Tuesday, May 08, 2012

Giving DVDs the (net) flix

Hello, my name is Petra and I haven't been to a video shop in seven months and 24 days.

I used to be a regular renter. Almost every Friday night I'd hit my local DVD shop looking for a fix. I'd gotten hooked on new releases as a kid back in the '80s – all my friends watched them, and they were cheap and easy to pick up anywhere in the suburbs. It was a habit that was hard to shake.

My casual weekend renting quickly turned into regular midweek renting. I was going through five, six videos at a time – sometimes eight if I went on “Super Tuesday” when they also threw in a box of Maltesers for an extra $1.

Soon I'd churned through all the new releases and had to move on to “recent releases” (which were actually just the new releases I'd already seen) and then “classics” (which were the recent releases I'd already seen).

"The budget section, my favourite! I hope 'Extreme Cheapskates' is in."

And then, as with all addictions, what began as fun started to feel like a chore.

The video shop I once saw as a wonderland filled with thousands of exciting movie choices I now realised was just a medium-sized room housing an unnecessary number of copies of “Big Momma's House”, and no decent documentaries.

Every time I went there to rent a particular film I would invariably discover it had been already checked out/lost in 1993 and never replaced/eaten/destroyed in a fire.

The words “overnight rental” no longer filled me with joyful anticipation, but with dread, knowing that in just 24 hours I would have to return to the shop or be punished with a late fee.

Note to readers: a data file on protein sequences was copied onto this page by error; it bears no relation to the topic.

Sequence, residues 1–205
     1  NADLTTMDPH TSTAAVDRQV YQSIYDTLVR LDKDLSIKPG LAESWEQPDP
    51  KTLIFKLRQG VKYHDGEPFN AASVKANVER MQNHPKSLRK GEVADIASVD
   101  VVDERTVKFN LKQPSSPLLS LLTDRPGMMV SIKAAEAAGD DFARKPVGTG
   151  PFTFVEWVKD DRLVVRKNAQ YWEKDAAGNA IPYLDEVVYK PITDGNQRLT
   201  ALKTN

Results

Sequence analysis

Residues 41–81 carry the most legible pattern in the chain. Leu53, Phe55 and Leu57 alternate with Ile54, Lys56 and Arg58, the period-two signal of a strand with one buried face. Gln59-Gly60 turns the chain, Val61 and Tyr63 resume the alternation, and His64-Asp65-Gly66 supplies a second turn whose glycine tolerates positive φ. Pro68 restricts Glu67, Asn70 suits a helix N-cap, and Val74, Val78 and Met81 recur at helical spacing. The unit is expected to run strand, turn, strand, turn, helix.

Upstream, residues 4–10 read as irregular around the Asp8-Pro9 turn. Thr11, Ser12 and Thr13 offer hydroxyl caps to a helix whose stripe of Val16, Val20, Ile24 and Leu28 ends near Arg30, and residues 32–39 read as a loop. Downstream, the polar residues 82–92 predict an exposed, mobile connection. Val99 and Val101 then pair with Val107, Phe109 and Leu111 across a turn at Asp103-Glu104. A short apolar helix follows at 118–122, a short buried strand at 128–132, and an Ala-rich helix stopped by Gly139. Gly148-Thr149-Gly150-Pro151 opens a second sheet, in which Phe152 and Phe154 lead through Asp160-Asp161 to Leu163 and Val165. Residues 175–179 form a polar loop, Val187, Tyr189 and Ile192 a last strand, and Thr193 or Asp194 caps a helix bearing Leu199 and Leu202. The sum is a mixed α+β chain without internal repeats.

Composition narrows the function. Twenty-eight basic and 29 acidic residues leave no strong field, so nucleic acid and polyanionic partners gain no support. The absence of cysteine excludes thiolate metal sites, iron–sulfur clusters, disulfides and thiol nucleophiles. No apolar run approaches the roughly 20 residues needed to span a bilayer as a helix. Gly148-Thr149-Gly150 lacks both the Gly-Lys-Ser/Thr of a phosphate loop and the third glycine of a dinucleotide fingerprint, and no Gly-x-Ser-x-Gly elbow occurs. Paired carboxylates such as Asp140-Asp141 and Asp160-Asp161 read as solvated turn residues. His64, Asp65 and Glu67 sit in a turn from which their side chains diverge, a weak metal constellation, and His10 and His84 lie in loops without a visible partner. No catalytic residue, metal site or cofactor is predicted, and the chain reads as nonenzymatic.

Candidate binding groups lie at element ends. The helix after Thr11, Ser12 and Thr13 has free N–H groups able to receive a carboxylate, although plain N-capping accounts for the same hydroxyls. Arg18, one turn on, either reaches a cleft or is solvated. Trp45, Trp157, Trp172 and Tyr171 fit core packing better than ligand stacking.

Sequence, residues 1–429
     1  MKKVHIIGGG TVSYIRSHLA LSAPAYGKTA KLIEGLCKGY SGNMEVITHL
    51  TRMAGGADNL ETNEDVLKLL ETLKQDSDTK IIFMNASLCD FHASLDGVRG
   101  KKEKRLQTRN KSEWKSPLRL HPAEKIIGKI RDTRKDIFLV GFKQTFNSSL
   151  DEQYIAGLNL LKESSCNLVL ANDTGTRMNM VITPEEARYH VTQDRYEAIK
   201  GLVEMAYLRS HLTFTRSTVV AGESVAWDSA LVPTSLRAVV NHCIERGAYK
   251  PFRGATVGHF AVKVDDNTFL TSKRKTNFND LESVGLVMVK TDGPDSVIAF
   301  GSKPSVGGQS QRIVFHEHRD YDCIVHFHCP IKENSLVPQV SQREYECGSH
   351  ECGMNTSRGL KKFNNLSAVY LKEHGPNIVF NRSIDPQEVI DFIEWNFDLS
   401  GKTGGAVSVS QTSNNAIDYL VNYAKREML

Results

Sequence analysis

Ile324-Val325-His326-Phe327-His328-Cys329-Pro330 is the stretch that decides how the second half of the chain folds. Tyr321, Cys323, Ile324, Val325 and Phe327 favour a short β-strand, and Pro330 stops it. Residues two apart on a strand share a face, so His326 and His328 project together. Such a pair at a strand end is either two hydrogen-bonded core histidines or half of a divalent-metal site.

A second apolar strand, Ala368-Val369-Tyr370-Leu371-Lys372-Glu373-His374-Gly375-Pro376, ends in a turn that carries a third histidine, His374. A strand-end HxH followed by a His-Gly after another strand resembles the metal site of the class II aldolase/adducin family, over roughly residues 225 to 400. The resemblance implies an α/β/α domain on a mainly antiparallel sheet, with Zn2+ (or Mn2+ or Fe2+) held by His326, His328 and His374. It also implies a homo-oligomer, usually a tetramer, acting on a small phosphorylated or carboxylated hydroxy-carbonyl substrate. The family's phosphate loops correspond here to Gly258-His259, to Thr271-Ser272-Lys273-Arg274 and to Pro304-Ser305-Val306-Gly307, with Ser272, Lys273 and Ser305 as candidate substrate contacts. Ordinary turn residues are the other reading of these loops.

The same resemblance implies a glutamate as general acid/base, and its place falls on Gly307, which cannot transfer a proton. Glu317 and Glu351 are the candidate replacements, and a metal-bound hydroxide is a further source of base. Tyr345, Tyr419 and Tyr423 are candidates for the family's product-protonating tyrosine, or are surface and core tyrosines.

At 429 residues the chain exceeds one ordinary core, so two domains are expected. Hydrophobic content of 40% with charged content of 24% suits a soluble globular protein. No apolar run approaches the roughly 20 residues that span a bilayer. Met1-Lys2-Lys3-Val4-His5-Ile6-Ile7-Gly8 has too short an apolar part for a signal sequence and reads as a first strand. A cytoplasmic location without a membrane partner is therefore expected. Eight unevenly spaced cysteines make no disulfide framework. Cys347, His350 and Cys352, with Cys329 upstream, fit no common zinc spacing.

One night as I sped there in my pyjamas and ugg boots for the third time that week trying to make the 10pm return deadline, I thought “There has to be a better way”.

After seven months and 24 days in America, I now know there is.

It's called The Internet. You may have heard of it, it's pretty popular.

Now instead of trudging along to a shop to stare at a wall of empty DVD cases for half an hour thinking “How is that STILL a new release?”, I kick back on the couch with my laptop, fire up Netflix and play any movie I want, instantly.

"Don't click that honey, that's daddy's special playlist..."

Like those in-room movie systems you get in hotels, Netflix is an online video shop that gives its subscribers unlimited access to tens of thousands of films and TV shows for less than US $8 a month.

It's not yet available in Australia, but alternatives are springing up in its place: this week Google launched Play and YouTube Movies, offering streaming of new release films for around $2 to $4 each.

Online services like this are the reason why there are now virtually no video stores left in America.

The idea of renting a movie in person is so archaic to most Americans that satirical news website The Onion even did a mock television report on a “historic Blockbuster museum” in which actors dressed as Blockbuster employees demonstrate how movies were rented “in the past”.

“It's really amazing that people had to go through so much just to get a movie,” one awe-struck tourist says, snapping a photograph of the quaint DVD displays.

I look back on my video-renting days in Australia and feel the same way. My dust-covered DVD player's days are definitely numbered. I can almost hear my old VCR laughing from that box in the garage.

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This article was first published in the Adelaide Sunday Mail's TV Guide on May 6, 2012.



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